Slowly I pull on my mask. It just so happens that there is a shortage of N95 masks. They have also asked me not to dispose of my mask after each use. So I brought my fit-testing mask home in a little bag and kept it with me. They also want to to wear a generic surgical mask on top of the N95. Fully attired in disposable armor, I admire my work in the mirror. I look ridiculous.

I take a deep breath and step into the room. The patient is coughing and clearly sick. Her daughter is on the phone with the parish cancelling the family portrait for the parish directory. We talk for a few minutes and then I do the anointing. Unconsciously I have been speaking loudly, hoping my voice will carry through on the masks. I back out of the room slowly, then discard one mask and save the other. Not sure if I should wash my hands before or after, I do both.

A sense of accomplishment washes over me. I have anointed a patient, and I didn’t die. I also have a new respect for doctors and nurses. What I have just been through is part of their hourly routine. They work every day around dangerous infectious diseases. Any day they could take one home with them. So thank you, medical personnel for risking your lives for us. And just know that if you happen to become infected, I have an N95, and I’m no longer afraid to use it!

Living Well – True Joy

Fr. Joel The Loving Life

At his weekly Angelus this weekend, Pope Benedict blessed the Baby Jesus for nativity scenes. His little address is very interesting. If what he says is true (I’ll let the reader judge that), it contains the key to true joy:

“It is a source of joy for me”, said the Holy Father, “to know that your families still conserve the custom of making nativity scenes. Yet it is not enough to repeat the traditional gesture, however important it may be. We must seek to live what the nativity scene represents in the reality of our everyday lives: that is, the love of Christ, His humility and His poverty”.

“The blessing of the ‘Bambinelli’ – as they are called in Rome – reminds us that the nativity scene is a school of life where we can learn the secret of true joy. This does not consist in possessing many things but in feeling ourselves to be loved by the Lord, in making ourselves a gift for others, and in loving one another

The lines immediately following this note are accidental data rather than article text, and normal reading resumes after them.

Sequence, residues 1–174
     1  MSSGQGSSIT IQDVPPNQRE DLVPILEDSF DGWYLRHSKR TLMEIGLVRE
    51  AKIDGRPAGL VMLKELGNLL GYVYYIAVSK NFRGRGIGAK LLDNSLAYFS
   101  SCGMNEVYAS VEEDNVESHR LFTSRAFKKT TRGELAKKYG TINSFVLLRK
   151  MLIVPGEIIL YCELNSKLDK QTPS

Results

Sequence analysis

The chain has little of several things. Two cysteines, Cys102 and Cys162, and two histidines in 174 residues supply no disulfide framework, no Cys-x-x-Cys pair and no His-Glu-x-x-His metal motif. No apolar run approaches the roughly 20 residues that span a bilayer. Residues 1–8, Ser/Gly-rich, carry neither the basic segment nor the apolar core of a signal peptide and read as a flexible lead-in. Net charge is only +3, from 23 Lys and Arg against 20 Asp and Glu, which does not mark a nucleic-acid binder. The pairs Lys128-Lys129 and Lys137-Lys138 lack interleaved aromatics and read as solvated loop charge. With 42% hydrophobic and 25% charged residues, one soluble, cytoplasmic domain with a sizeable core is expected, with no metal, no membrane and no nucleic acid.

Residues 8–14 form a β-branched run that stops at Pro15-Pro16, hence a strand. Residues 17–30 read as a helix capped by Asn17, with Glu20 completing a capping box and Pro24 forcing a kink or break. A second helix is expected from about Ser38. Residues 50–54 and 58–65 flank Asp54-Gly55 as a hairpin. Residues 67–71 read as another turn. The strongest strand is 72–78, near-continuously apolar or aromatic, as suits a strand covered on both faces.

Let us consider the nativity scene: the Virgin Mary and St. Joseph do not appear to be a very privileged family, they had their first child amidst great hardship, yet they are full of intimate joy because they love one another, they help one another and, above all, they are certain that God is at work in their story”.

“And the shepherds”, the Pope asked, “what reason do they have to be happy? That newborn infant will certainly not alter their poverty and marginalisation. Yet faith helps them to recognise in the ‘child wrapped in bands of cloth and lying in a manger’, the ‘sign’ of the fulfilment of God’s promises for all the men and women ‘whom He favours’, even for them!”

For this reason, Benedict XVI explained, true joy consists in “feeling that our individual and community lives are touched by and filled with a great mystery, the mystery of the love of God. In order to be joyful we need … love and truth, we need a God Who is near, Who warms our hearts and responds to our most profound expectations.”

Benedict XVI, Angelus, 13 Dec 2009

Fr. Joel’s homily for Dec 13

Fr. Joel Homilies

Adv3 – Rejoice, the Lord is Near (7:50)

Advent, 3rd Sunday. Rejoice in the Lord always, the Lord is near! John the Baptist calls his listeners to their deepest desires – Peace, Joy, and Unconditional Love. These desires can only be filled by God. Advent is the season of realizing our need for God and of refusing all the things that fail to satisfy. Just as we rejoice in the Lord, so also God rejoices in us. (13 Dec 2009)

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Soft sole moccasins

Benjamin Free Range

– Fr. Benjamin

My little brother’s slippers had holes in them. He likes to take his shoes off at the door and wear moccasins all day long, and he had worn through his $17 slippers. “We could make you some moccasins,” I told him. He was excited at the idea of a project. Before going home for Thanksgiving break, I had to locate some leather, needles, thread, an awl, and patterns. I write this post mainly because I relied on online sources, and trying to live the gratitude that Fr. Joel suggests I feel I should contribute to the online knowledge.

We decided on plains Indian style moccasin. A single piece of leather goes under the sole, and is folded over the top of the foot and sewn on one side. Following some directions, I took a tracing of the foot and then added 3/4 inch behind the heel and 1/4 inch around the toes. From the widest part of the foot, the pattern goes straight back to the heel. The upper was a mirror image of this.

The problem was, this pattern DID NOT FIT. It was too small. After thinking about the problem, I measured the CIRCUMFERENCE of the foot and added to the upper until it equaled the total circumference (in the picture the addition is marked with the pen). Pictures of these moccasins suggested that the upper was, in fact, a little larger than the sole.